We need new words for relationships

As rich as the English language is, it seems unable to keep up with modern dating norms. It annoys me that the only words in common use to describe a couple who are dating are “boyfriend” and “girlfriend.” When my father and stepmother were dating, for example, it seemed odd to refer to two people in their 50s as boyfriend and girlfriend. Neither do the terms seem to fit my step-sister and her boyfriend, who have been living together for three years now, or any number of other devoted couples who simply aren’t married. Finally, I accidently threw my ex into a tizzy a few weeks after we’d started dating by calling him my boyfriend. “Well, what else am I supposed to call the guy I’m dating?” I huffed, but my brother said that he’d be a bit scared off, too, if a girl he’d only been on a few dates with called him her boyfriend. So now I don’t know what to call the guy I recently started seeing, other than “the guy I’m dating,” which makes it awkward to introduce him. “Hi, this is Sam, the-guy-I’m-dating.” I introduced him as “my friend Sam” on Monday, but it seemed transparent and disengenous.

So the way I see it, we need six new words, at least. Two for coulples just starting to casually date, two for couples who are living together but not married, and two for middle-aged and older couples. Although I suppose we could just bring back “beau” and “lady-friend” to cover the last category. I’m not very good at coining terms, so I ask you, the Dope, to help me in my hour of need.

I don’t think I can help you coin new terms, but I’ll be watching this thread with interest. I was just thinking about this the other night. My husband’s manager is a lady in her mid-50s, who has been living with a man (who is about 70) for some number of years now. To call him her “boyfriend” just sounds silly. SO sounds contrived and not specific enough, and “commonlaw husband” sounds too old-fashioned. We definitely need a term for this.

On a related subject, for a couple of years before we were legally married, my husband and I were married in every other important way. For the sake of simplicity, whenever the need for a term came up, we just used “husband” or “wife”. Hell, we had everything but the piece of paper and the big party.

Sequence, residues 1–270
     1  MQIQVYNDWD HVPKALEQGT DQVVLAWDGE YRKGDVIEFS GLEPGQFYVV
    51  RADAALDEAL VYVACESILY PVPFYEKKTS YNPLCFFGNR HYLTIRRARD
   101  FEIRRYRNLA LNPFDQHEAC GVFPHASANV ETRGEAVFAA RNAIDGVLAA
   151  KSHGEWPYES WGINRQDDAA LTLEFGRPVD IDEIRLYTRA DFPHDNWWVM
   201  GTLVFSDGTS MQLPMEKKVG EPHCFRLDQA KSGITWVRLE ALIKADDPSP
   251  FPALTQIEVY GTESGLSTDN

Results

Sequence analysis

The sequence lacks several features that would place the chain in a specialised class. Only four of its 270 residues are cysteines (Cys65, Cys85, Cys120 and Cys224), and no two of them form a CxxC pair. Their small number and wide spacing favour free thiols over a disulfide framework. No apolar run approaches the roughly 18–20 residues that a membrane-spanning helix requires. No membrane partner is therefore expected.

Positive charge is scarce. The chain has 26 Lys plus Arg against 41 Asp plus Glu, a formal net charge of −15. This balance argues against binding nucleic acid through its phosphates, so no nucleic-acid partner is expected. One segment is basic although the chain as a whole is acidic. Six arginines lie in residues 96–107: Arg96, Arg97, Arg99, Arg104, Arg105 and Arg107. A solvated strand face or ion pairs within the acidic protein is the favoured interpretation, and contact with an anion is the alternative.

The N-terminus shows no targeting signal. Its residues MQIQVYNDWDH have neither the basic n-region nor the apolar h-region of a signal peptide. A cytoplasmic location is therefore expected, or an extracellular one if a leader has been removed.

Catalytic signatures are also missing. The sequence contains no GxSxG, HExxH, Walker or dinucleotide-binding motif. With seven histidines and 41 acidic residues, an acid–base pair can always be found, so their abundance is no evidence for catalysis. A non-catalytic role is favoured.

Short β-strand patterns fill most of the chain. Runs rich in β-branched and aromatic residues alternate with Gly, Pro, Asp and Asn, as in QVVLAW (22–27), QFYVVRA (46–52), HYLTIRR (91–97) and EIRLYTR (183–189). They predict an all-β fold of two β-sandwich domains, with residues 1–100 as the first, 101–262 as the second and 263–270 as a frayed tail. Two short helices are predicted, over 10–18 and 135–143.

SWMBO’s family has a generic word: Urrum.

Used to introduce someone like me. We’re not married but we live together and we are obviously much more than boyfriend/girlfriend, so the introductions at first were along the lines of:

“And this is Clothahump, SWMBO’s…err…ummmm…”

Works a treat.

In Swedish, we use “sambo” for cohabitating nonmarried couples. The word is a portmanteau of “bo” (live in the sense of “inhabit”) and “samman” (together) and has given rise to a plethora of related words such as “kombo” (someone who cohabitates nonamorously) and “särbo” (half of a couple that doesn’t live together).

I so agree. I’ve been together with him for over 8 years. He is not my boyfriend any more, he is my life partner, but that’s an unwieldy term.

He would be called your “Spose”…as in “S’pose they’ll ever get married?”

This has become an issue for my family recently too. My Mom has been in and out of the hospital quite a lot and her significant other is forever having to answer the question, “And what relation are YOU to the patient?” And you know what? It’s really awkward for him to answer “I’m her boyfriend” when he’s talking about whether or not to sign a DNR order.

Well, if we leave out the gender-specific words and combine Committed, LIve-in, loNG-term, we get . . . CLING. Eh? Eh?

I’ll keep working on it.

For a while I referred to my mother-in-law’s boyfriend as “my future father-in-law” but several people asked “Aren’t you and CubHubby married?” so I dropped it as being confusing. Now they are finally married so the problem is solved for me.

I also think we need words to describe a few other relationships, too. For example, my daughter-in-law’s mother: I would like a word to describe her relationship to me. After all, we adore two grandchildren in common, that needs a name. In fact, all those “in-law” relationships can get confusing without a scorecard.

My mother-in-law always has little complaints about her children’s spouses. Nothing serious and mostly just kidding around. We now refer to ourselves as the Outlaws.